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West Virginia Senators Vote to Remove Wage Protections

Photo by Will Price, W.Va. Legislature West Virginia Sen. Charles Trump, R-Morgan, stands to speak during Monday’s floor session.

CHARLESTON — West Virginia senators have approved a bill to dismantle the wage bonding requirement for certain industries in the state.

Members voted 21-12 Monday morning after some debate on the chamber floor.

Senate Bill 224 would get rid of the requirement for employers in certain industries– including mineral extraction and construction — to bond the wages and benefits of their employees for the first five years of operation.

The bond is money paid to the state that would cover a month of wages and benefits for employees if the business closes. Under current law, only construction companies, or businesses that extract or transport minerals like coal or natural gas, have to create a wage bond.

Sen. Charles Trump, R-Morgan, who chairs the Judiciary Committee, previously called the bond an impediment to business in the state, and pointed to surrounding states that don’t have the same requirement, including Ohio, Pennsylvania and Virginia.

Sen. Glen Jeffries, a Putnam County Democrat, said the bill actually puts the state out of line with a majority of states in the country.

Other Democrats argued over the vulnerability of the industries required to implement the bond and said the bill removes protections for workers in those industries.

The bill now goes to the House of Delegates for further consideration.

Marra is a reporter for West Virginia Public Broadcasting.

West Virginia’s tax collections for February exceeded estimates by $10.3 million but still left the government’s projected budget shortfall at $123 million for the current fiscal year, according to revenue data released Monday.

The Associated Press reports sales, personal income and severance taxes — the three biggest collection categories — all exceeded February estimates, Deputy Revenue Secretary Mark Muchow said. He called the increase in payroll tax withholding by almost 1 percent over February last year, “a slight positive trend.”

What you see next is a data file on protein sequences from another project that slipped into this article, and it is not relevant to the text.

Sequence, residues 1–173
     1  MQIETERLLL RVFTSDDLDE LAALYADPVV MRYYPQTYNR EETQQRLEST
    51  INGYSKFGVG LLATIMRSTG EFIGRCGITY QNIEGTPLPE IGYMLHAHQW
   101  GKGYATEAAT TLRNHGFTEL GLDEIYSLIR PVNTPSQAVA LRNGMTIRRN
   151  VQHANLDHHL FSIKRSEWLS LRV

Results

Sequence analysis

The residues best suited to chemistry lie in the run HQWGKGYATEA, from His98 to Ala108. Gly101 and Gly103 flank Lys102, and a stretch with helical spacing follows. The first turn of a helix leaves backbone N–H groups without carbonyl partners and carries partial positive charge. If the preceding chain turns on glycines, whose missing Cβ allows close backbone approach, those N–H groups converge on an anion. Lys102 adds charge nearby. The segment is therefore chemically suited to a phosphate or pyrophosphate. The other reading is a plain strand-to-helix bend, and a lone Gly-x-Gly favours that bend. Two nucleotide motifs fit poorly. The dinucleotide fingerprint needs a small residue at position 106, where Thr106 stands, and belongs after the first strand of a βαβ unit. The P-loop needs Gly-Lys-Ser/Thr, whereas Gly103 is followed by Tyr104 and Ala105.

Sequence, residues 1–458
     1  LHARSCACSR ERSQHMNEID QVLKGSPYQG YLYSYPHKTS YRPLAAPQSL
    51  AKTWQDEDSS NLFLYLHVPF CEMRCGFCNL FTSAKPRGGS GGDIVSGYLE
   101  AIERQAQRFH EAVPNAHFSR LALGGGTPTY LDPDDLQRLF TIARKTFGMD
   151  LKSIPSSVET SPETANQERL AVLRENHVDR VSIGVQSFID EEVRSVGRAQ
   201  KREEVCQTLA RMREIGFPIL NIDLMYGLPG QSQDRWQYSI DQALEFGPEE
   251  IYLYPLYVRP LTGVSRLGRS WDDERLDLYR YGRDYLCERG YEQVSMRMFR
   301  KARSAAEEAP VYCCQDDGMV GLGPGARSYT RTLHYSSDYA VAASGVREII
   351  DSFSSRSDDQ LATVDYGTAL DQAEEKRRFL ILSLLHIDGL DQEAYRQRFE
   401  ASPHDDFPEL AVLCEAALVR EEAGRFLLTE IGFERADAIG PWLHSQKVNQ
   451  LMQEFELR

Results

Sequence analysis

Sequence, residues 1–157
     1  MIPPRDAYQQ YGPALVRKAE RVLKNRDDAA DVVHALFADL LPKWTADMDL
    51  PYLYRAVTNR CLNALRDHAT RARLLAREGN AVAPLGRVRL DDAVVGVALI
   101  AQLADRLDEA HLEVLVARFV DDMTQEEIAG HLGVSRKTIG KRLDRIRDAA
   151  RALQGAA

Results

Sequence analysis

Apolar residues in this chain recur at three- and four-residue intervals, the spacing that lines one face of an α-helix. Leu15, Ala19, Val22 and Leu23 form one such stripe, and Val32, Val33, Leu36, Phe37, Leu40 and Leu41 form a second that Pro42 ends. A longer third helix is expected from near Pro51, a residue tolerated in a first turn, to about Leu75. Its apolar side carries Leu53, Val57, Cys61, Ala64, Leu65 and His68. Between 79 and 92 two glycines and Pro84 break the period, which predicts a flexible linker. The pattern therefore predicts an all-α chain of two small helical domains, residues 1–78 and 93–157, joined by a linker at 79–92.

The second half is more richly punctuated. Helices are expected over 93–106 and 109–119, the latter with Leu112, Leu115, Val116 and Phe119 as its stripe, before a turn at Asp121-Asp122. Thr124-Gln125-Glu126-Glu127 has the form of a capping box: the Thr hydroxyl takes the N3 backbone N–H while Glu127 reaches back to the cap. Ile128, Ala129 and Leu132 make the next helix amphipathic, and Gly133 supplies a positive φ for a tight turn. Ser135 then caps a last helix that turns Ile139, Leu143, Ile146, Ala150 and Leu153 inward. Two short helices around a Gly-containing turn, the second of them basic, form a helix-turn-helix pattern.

Severance taxes for extracting coal, oil, natural gas and timber totaled $262.5 million through eight months of the fiscal year that ends June 30. After “a very rough start,” which was attributed to a downturn in coal, Muchow said he now expects continuing gains above budget estimates.

Coal prices have also rebounded from last year’s lows and some West Virginia mines have been hiring back workers.

West Virginia personal income taxes have brought in $1.91 billion over eight months with sales taxes adding $1.285 billion.

Corporation income and business franchise taxes have added $137.4 million so far this year. However, with refunds, the state actually paid out $1.845 million to corporations and businesses in that category in February.

West Virginia lawmakers eliminated the business franchise tax effective in 2015 with only residual collections now, according to the Department of Revenue.

West Virginia’s Senate has passed a bill to deny parental rights to rapists whose victims consequently have babies, The Associated Press reports.

The amendment approved 33-0 Monday would define a child conceived in a sexual assault as an abused child under the state law intended to protect them from abusive parents.

It says the assault victims won’t be considered abusive parents under the law.

Sponsors say it’s meant to protect rape survivors and their children.

A bill that would exempt the mass release of West Virginia hunters’ contact information to the public is making its way through the state Legislature, according to The Associated Press.

With little debate, the Senate Natural Resources Committee forwarded the bill Monday to the Senate Judiciary Committee.

The bill would let the Division of Natural Resources withhold names, addresses and other information in a mass request under the Freedom of Information Act of hunters who killed a particular animal.

Such records would be made available to law enforcement and other government entities.


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